1) Title: Dance With Me.
Medium: knitted photographs 350cm x 130cm
In this artwork I have knitted together images of Darfurian girls and women cultivating farmlands, seeking water and firewood with their traumatic stories of mass rape and violence.
The motivation to reproduce objects suggestive of the female body was prompted by the news of the Darfur Genocide, especially with reference to the mass slaughter and rape of Darfuri women and children in Western Sudan. The killings began in 2003 and was the first genocide in the 21st century.
Moreover, the Darfur genocide, an appalling, brutal and systematic attack against humanity seemed to evade the attentive eye of the international media, and the suffering of the Darfurian people was felt as a distant echo in the West. The artwork "Save the Last Dance for Me' could be seen as a reminder of the lost opportunities to take action and stand against this atrocity.
With this artwork I draw attention to the fact that rape and sexual abuse are not just a by-product of war but are used as weapons of war, as an orchestrated combat tool often used in ethnic conflicts as a way for attackers to perpetuate their social control and redraw ethnic boundaries.
2) Title: Inferno.
Medium: Knitted photographs
War and power have been recurring theme in my practice. During the Iraq war I was particularly concerned with the meaning of words such as ‘war’ and ‘peace’, and the different roles played out by ‘women’ and men’ in war time.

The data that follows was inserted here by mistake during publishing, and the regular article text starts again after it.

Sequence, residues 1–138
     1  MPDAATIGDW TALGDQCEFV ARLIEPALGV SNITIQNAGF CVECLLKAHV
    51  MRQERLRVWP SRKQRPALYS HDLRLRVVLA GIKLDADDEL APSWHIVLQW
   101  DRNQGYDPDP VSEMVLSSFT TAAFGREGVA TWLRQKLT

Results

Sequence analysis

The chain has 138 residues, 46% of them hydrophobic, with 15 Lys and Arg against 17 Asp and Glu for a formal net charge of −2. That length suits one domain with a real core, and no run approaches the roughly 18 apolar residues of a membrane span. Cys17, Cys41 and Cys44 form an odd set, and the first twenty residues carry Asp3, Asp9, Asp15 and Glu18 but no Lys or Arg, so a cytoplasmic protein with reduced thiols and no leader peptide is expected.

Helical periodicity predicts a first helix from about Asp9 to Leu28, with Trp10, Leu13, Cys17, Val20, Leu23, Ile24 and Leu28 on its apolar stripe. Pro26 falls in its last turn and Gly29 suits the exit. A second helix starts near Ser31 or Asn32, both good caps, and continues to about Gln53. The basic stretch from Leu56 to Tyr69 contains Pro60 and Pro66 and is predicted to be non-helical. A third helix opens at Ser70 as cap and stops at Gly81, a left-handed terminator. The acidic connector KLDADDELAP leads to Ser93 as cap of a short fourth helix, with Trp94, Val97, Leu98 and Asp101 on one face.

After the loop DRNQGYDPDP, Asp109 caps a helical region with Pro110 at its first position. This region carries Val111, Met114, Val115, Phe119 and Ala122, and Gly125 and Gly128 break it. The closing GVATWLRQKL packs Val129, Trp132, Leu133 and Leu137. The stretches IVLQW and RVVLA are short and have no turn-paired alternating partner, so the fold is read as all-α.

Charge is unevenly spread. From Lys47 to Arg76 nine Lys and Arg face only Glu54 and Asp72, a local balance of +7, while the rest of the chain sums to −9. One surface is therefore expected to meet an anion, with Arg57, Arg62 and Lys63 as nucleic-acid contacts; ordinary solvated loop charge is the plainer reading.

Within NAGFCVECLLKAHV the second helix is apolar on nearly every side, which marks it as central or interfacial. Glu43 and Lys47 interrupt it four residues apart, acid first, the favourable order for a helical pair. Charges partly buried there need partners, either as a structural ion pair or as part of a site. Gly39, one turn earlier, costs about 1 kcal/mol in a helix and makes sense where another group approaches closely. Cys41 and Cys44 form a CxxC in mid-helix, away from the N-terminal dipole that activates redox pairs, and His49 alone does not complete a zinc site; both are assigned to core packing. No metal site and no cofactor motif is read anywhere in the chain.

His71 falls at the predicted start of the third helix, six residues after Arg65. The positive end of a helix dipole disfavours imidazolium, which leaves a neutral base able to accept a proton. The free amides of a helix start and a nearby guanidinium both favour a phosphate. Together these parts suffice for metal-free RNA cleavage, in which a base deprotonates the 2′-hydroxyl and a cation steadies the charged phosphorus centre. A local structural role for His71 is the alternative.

To explore these themes I have used photography, turning the media itself on its head, by deconstructing the conventional photographic form through the manipulation, cutting, bending and knitting of images to take the photograph beyond its traditional two-dimensional confines.
3)Title: Colour Coded Metamorphoses.
Medium: Mixed media
Women are often the victims or considered the price for the winner, hence the feminine dress as representation of the role of women in war. Anthony Stevens, for instance, in his book 'The Roots of War and Terror' provides insights into the nature and origins of armed conflict. He exposes war as an ancient propensity rooted in human psychology - particularly in the psychology and anatomy of the human male. In his view if women were in power there would be less wars.
To initiate a debate on this issue, I have chosen three iconic war photographs to put through a cultural colour metamorphosis: from military green colour to the cultural connoted pink.
The images chosen are:
The Falling Soldier (full title: Loyalist Militiaman at the Moment of Death, Cerro Muriano, September 5, 1936) is a photograph by Robert Capa, claimed to have been taken on September 5, 1936.
Raising the Flag on Iwo Jima is an iconic photograph taken by Joe Rosenthal on February 23, 1945.
The Napalm girl burned in South Vietnam Associated Press photographer Huynh Cong Ut.